Sound — 9
You have to hand it to Rammstein the sextet has not lost its ability to shock and/or entertain after 15 years in the business. The German group known for its creepy-yet-somehow-sexy blend of industrial rock/synth pop has always proved themselves to be an awe-inspiring bunch, particularly when the intimidating Till Lindemann sets his limbs afire for the sake of a concert performance. Somehow Rammstein has found a way to keep the danger factor alive with the 6th studio album Liebe ist fr alle da, all the while proving that its musical creativity has intensified as well. Four years in the making, the new record never becomes mired in the same sound. Yes, there are quite a few songs that might have a chorus or verse driven by power chords, but there are enough other interesting nuances that things rarely get dull. And then you have a song like the first single Pussy, whichwellwe shall get to shortly.
The opening track Rammlied is the epitome of an attention grabber, with its choral-driven intro (akin to what you might hear in a movie about soul possession) that quickly explodes into chants of what else Rammstein! The music that eventually follows does weave in more of the choral aspect, but the underlying arrangement has almost a Faith No More vibe to it. Rammlied draws you in, although that's not to say any other song on the CD mimics the opener. On the contrary, Rammstein is all over the place genre-wise, which is exactly what makes Liebe ist fr alle da intriguing.
The focal point is undoubtedly vocalist Till Lindemann, who is still the epitome of German machismo. However, one of the most refreshing things about Lindemann is, regardless of the brute nature he may convey, he still is not afraid to take on a love song. Frhling in Paris is a gorgeous ballad featuring an impeccably smooth acoustic section and Lindemann delivering a sensitive, melodically pleasing vocal line. Haifisch, although not a ballad by any means (it parallels more of an 80's synth pop style), is still a far cry from industrial and Lindemann handles it effectively.
Of course, the full-on manliness of Rammstein still reigns supreme. And if I'm being completely honest, my full preference lies in the moments when the distorted guitars (played by Richard Z Kruspe and Paul H. Landers) take over and Lindemann growls diabolically. The one track on the CD that will probably garner the most attention combines the trademark masculinity, humor, and a whole lot of sex. Pussy, which is an absolute hoot of a listen (with a chorus sung in English), might also rank at the top of Rammstein's most controversial songs. The reason? Check out the music video if you dare. Wow.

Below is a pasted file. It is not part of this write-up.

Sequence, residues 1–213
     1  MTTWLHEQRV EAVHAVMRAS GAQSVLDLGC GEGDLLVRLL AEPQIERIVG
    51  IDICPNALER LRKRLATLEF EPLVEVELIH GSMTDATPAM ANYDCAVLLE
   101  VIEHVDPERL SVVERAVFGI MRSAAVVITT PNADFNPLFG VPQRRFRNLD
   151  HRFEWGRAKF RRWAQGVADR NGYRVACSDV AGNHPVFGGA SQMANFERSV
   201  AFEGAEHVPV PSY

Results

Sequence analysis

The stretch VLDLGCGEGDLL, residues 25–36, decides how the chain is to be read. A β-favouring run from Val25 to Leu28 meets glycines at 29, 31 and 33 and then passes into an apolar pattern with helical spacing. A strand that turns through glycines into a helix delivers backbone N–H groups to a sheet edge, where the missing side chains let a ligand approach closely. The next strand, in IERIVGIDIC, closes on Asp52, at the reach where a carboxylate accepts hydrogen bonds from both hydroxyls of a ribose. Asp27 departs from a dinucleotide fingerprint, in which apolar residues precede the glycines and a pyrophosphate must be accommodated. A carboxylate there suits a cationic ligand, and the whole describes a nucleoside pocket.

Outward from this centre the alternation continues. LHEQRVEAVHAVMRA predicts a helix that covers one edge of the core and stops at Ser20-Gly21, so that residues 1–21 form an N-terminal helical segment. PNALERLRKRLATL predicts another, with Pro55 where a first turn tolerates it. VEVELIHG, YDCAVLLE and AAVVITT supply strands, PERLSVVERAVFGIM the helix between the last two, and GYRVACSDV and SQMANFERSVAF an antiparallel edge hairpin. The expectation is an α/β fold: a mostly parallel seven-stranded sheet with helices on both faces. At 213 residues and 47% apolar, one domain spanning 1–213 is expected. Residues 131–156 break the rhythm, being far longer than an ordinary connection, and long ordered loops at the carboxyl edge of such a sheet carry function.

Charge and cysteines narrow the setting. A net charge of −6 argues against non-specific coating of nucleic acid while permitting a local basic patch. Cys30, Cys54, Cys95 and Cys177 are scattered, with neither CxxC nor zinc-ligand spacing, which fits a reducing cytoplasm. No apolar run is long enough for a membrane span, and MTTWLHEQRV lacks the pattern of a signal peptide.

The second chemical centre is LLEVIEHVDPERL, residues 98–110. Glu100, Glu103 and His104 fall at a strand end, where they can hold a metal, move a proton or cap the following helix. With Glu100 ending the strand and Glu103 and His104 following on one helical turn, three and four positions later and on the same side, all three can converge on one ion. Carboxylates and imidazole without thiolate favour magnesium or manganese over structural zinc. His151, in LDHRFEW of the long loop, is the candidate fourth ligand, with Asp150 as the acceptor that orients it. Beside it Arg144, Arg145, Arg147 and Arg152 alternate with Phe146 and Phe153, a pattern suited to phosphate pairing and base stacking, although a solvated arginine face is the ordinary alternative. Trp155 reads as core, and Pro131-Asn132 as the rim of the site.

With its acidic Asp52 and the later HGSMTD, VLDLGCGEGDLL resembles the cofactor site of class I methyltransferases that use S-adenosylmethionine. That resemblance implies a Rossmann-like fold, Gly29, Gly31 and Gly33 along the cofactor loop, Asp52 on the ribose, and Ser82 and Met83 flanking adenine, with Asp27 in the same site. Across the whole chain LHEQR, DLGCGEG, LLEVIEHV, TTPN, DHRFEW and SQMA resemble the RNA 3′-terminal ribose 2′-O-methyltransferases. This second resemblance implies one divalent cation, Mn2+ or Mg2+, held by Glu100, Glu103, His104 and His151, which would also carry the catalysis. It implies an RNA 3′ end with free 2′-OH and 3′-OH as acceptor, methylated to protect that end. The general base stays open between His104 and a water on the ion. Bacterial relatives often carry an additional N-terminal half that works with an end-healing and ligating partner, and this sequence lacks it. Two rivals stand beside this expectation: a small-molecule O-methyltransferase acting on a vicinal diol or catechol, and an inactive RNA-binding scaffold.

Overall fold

Lyrics — 9
While we're on the topic of Pussy, let's just put this on the table: It's the catchiest (and most twisted) track on Liebe ist fr alle da. After random comments about a Mercedes Benz, the Autobahn, and Fahrvergngen, Lindemann gets down to business by singing, You've got a pussy; I have a dick; So, what's the problem? Let's do it quick. There are plenty of manly lyrics elsewhere, as in Waidmanns Heil (loosely translated I have been in heat for a few days; So I will hunt a naked game; And until the morning I will sit there; So that I can give (it) a sharp shot). This pretty much sums up why Rammstein has made such a name for itself. There's certain an in-your-face quality to the band's music and lyrics love em or hate em and on this record it makes for a wildly entertaining listen.
Overall Impression — 10
Rammstein has managed to remain not only true to its history on Liebe ist fr alle da, but it has shown growth in its song arrangements. Whether inserting a majestic Renaissance-like horn section at the intro of Waidmanns Heil or delivering a gritty, industrial sound in B******** (aka Bckstab or Whatever You Want), Rammstein is not afraid to stray from the traditional rock sound. This is a band that still likely won't click with those with delicate sensibilities, but that's what makes me like them all the more.